Do we need a Prenuptial Agreement?
One of the toughest conversations that an engaged couple has is when one asks the other, "will you be willing to sign a prenuptial agreement?"
Often times this question will lead to tears, mistrust, and anger, as the last event that an engaged couple wants to consider is the possibility of a divorce. Notwithstanding the result of the conversation, a prenuptial agreement is an important document, especially in the case of a second marriage when one or each of the parties have children from a prior relationship.
A prenuptial agreement is a contract between a couple which is entered into prior to their marriage and sets forth not only their present assets and liabilities but also predetermines each parties’ property rights if a divorce were to occur. While New York State has laws regarding the division of property upon a dissolution of a marriage, parties have every right to enter into a contract opting out of those laws in favor of their own agreement.
One of the main function of a prenuptial agreement is to protect each parties’ separate property (i.e., the property owned at the time of the marriage) As an example, if a prospective spouse has an interest in a family practice, or owns assets at the time of the marriage, that party may want to ensure that their new spouse waives any interest in those assets, either wanting the assets to remain in the family or to be later owned by their children from a prior relationship. The prenuptial agreement will address how this separate property will be handled in the event of a divorce.
Without a prenuptial agreement, a spouse may receive a portion of these separate assets. As an example:
The Husband and his brother were equal owners of a business, prior to the marriage and each of their interests in that business was valued at $1,000,000. After 10 years of marriage, the parties decide to divorce. At that time the Husband’s interest is now valued at $2,000,000. The Wife could be entitled to a percentage of the increase in value.
If these parties had a prenuptial agreement, the agreement could ensure that not only would the separate property (the business) belong to the Husband but that any of the increase in the value would belong to the Husband as well.
As another example:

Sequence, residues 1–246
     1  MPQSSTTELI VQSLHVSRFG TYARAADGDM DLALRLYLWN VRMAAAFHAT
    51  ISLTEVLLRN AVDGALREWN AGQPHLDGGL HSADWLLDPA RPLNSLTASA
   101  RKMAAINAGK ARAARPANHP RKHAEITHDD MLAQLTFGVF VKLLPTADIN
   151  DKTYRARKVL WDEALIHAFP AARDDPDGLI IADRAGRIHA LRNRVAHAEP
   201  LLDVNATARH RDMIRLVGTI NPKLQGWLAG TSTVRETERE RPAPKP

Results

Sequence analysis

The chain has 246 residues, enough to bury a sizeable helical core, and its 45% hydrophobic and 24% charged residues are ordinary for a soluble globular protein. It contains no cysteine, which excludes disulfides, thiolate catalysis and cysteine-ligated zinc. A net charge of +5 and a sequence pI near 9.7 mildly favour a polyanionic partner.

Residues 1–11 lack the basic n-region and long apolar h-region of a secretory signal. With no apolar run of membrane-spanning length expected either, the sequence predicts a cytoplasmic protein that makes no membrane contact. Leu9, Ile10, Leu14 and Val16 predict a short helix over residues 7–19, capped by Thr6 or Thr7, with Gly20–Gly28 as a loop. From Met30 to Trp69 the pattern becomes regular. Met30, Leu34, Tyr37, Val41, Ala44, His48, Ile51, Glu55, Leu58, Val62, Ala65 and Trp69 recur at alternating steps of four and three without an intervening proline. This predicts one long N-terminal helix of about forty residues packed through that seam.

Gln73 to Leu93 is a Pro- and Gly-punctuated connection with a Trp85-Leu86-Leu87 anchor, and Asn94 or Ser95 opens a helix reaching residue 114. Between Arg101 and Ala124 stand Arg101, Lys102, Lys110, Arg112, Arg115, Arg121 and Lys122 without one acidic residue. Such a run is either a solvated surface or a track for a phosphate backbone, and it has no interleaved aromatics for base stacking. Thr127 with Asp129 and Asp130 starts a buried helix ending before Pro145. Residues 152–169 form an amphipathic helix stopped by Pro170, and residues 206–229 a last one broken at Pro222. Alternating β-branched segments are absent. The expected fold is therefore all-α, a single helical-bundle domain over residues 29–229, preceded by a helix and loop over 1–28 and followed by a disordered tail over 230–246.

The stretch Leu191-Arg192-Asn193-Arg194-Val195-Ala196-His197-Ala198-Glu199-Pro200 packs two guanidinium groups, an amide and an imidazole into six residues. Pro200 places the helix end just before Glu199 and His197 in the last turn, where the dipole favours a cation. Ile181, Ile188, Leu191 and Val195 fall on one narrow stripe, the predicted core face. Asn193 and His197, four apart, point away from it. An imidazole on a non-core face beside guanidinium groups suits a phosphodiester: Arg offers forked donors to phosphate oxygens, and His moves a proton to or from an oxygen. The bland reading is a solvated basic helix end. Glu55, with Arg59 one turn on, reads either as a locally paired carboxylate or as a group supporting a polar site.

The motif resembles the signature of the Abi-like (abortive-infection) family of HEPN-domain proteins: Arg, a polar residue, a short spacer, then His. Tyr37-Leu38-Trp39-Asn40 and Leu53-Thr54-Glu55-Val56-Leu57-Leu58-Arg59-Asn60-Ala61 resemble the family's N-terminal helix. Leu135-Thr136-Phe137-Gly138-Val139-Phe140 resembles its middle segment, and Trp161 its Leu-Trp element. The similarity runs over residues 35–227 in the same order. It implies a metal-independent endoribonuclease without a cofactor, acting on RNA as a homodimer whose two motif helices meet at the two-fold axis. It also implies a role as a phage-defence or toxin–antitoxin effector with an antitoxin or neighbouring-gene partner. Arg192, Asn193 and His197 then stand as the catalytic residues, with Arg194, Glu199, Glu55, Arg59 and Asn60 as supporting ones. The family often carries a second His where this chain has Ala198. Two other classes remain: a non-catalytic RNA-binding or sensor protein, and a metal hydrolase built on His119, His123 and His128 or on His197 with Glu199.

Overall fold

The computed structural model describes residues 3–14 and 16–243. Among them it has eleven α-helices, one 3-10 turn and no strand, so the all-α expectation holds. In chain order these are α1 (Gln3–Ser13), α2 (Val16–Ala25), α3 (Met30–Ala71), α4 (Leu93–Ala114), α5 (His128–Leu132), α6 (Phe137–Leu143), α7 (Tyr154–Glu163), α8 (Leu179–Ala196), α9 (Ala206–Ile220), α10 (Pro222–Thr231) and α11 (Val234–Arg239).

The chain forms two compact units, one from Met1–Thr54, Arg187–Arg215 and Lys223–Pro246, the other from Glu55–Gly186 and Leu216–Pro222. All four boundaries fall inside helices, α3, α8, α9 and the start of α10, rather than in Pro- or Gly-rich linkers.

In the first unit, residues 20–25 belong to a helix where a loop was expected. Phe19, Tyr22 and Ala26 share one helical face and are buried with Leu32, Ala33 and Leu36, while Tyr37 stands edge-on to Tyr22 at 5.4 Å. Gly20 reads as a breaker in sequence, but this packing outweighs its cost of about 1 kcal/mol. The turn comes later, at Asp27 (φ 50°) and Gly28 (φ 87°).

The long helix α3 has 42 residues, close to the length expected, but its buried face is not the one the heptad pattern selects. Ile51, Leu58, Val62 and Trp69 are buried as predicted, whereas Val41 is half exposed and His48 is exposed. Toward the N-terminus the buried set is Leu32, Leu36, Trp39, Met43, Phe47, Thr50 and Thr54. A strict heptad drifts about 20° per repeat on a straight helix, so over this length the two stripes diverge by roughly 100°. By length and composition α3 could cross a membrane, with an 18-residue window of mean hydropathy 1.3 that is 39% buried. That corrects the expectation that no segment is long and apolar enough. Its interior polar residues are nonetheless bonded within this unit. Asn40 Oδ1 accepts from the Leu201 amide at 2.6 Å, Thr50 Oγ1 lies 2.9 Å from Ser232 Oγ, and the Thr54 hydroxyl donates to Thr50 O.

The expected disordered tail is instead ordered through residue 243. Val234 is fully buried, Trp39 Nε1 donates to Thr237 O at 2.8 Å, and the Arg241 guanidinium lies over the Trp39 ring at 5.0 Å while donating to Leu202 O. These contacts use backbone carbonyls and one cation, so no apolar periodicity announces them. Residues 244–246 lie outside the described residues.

The Wife owns a house prior to the marriage which is valued at $1,000,000. After the marriage, the parties reside in that house and after a few years, they decide to sell the house and buy a new one.
What happens to the proceeds? Do they belong solely to the Wife? Is she using that money to buy a new house and who will own the new house? Will the new house continue to be the Wife’s separate property? Does the Husband have any rights to the proceeds because he resided there and the value increased? These are all issues that can be addressed in a prenuptial agreement.
Entering into a prenuptial agreement should not be looked at as an escape hatch, but instead, should be viewed as a partnership agreement. Partners have only good intentions when they enter into an agreement, but agree to the terms of dissolution. A prenuptial agreement should be viewed in the same manner.
While it may be extremely uncomfortable to broach the topic, a couple needs to be pragmatic. Since the divorce rate is high in New York and since statistics show that the percentage of divorce increases in second marriages, parties should enter into a prenuptial agreement to ensure that they both understand each other’s intentions before they marry. Divorce is a very costly and lengthy path, which causes emotional turmoil to the family. Having a prenuptial agreement, the parties should be able to resolve this process quickly which should decrease some of the angst that a long and torturous divorce can cause.
As I tell all of my clients, a prenuptial is a contract whereby each agrees to the terms of what will occur if and when their marriage fails. It is a contract that should be kept in a safe place and will hopefully never be read again.